Sacco, Isabel C. N.
Vieira, Marcus Fraga
Total Authors: 3
 Univ Fed Goias, Bioengn & Biomech Lab, Goiania, Go - Brazil
 Univ Sao Paulo, Sch Med, Phys Therapy Speech & Occupat Therapy Dept, Sao Paulo, SP - Brazil
Total Affiliations: 2
DEC 9 2019.
Web of Science Citations:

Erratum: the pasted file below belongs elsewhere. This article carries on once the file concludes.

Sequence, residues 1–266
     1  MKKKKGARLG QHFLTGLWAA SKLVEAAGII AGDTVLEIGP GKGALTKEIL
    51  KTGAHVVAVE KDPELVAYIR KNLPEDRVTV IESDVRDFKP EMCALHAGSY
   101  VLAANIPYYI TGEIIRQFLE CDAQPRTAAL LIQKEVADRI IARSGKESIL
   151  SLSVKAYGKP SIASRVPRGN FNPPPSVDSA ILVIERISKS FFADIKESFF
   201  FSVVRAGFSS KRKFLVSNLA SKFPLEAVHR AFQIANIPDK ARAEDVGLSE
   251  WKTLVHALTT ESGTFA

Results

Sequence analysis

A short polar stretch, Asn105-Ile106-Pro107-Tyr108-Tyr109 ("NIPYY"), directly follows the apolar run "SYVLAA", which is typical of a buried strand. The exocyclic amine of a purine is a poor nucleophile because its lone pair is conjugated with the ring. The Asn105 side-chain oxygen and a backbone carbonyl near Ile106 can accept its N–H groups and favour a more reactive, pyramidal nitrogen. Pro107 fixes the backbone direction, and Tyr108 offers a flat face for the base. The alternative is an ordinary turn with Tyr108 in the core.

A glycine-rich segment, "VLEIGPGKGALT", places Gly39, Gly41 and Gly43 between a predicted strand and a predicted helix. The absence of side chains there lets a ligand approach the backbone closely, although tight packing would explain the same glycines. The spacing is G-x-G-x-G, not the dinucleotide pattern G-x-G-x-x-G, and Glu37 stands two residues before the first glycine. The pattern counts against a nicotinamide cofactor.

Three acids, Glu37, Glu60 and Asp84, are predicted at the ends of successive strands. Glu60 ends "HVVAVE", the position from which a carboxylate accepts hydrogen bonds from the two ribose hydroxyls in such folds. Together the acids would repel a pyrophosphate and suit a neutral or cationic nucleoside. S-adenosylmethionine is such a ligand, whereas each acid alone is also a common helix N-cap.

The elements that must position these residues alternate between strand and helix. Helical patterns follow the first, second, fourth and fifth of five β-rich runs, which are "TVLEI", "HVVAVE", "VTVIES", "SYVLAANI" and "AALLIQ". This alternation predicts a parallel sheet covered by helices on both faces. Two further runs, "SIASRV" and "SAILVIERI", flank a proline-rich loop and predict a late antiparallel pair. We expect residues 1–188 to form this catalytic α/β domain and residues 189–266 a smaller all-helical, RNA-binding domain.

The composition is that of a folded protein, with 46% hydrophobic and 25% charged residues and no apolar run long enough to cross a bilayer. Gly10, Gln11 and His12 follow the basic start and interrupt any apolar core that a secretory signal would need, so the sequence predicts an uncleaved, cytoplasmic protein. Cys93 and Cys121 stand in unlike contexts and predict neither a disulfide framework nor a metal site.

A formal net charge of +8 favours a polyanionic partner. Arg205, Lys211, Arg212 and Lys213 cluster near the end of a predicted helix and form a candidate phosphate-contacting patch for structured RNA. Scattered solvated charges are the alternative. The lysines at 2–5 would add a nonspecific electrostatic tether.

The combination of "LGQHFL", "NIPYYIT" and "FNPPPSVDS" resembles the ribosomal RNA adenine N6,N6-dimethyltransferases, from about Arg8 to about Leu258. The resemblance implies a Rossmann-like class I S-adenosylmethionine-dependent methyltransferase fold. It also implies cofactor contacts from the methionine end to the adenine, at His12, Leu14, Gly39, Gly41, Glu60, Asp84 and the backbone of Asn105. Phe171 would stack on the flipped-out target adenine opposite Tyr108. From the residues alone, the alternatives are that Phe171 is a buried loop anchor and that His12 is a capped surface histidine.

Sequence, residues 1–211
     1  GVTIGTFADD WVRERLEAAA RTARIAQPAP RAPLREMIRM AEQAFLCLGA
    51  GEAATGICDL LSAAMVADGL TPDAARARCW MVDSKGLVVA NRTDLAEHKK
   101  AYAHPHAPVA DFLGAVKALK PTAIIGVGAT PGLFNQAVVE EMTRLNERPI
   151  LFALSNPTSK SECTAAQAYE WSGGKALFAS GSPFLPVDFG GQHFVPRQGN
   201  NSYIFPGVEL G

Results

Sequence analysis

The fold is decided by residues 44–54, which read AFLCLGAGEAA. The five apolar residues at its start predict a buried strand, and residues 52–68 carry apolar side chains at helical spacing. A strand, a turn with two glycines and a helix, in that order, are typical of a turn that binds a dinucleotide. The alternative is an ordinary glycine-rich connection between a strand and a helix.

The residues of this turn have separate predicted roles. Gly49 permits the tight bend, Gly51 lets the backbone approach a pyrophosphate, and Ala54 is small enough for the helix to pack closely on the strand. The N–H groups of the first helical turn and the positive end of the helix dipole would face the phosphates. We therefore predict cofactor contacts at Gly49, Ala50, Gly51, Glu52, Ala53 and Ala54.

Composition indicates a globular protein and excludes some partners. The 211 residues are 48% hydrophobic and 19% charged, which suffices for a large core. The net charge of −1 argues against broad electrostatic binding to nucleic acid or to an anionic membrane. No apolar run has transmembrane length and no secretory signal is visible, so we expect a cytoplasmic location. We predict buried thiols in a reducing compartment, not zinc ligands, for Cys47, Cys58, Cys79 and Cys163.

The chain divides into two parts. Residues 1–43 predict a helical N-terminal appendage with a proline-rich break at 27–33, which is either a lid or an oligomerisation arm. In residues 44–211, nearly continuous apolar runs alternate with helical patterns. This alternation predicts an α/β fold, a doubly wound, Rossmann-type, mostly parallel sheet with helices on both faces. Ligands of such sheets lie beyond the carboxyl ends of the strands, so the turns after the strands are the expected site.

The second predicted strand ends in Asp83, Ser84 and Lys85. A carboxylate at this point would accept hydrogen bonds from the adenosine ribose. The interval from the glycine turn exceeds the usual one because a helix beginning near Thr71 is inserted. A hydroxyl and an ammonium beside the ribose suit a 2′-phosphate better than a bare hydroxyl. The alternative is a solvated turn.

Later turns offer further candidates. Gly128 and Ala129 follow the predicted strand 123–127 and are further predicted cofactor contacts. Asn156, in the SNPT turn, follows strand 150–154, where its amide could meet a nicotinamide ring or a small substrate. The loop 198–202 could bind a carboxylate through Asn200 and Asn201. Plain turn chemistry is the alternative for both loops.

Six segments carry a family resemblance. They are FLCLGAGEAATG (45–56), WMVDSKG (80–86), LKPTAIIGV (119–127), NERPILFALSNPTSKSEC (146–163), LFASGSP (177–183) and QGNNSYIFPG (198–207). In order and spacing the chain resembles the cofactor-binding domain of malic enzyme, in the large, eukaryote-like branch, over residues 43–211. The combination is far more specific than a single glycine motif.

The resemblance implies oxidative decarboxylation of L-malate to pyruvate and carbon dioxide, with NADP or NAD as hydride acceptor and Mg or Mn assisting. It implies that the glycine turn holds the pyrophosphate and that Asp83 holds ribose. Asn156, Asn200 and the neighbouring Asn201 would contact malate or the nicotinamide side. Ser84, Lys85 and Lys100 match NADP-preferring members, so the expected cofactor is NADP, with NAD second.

Background. Pelvic floor pressure distribution profiles, obtained by a novel instrumented non-deformable probe, were used as the input to a feature extraction, selection, and classification approach to test their potential for an automatic diagnostic system for objective female urinary incontinence assessment. We tested the performance of different feature selection approaches and different classifiers, as well as sought to establish the group of features that provides the greatest discrimination capability between continent and incontinent women. Methods. The available data for evaluation consisted of intravaginal spatiotemporal pressure profiles acquired from 24 continent and 24 incontinent women while performing four pelvic floor maneuvers: the maximum contraction maneuver, Valsalva maneuver, endurance maneuver, and wave maneuver. Feature extraction was guided by previous studies on the characterization of pressure profiles in the vaginal canal, where the extracted features were tested concerning their repeatability. Feature selection was achieved through a combination of a ranking method and a complete non-exhaustive subset search algorithm: branch and bound and recursive feature elimination. Three classifiers were tested: k-nearest neighbors (k-NN), support vector machine, and logistic regression. Results. Of the classifiers employed, there was not one that outperformed the others; however, k-NN presented statistical inferiority in one of the maneuvers. The best result was obtained through the application of recursive feature elimination on the features extracted from all the maneuvers, resulting in 77.1% test accuracy, 74.1% precision, and 83.3 recall, using SVM. Moreover, the best feature subset, obtained by observing the selection frequency of every single feature during the application of branch and bound, was directly employed on the classification, thus reaching 95.8% accuracy. Although not at the level required by an automatic system, the results show the potential use of pelvic floor pressure distribution profiles data and provide insights into the pelvic floor functioning aspects that contribute to urinary incontinence. (AU)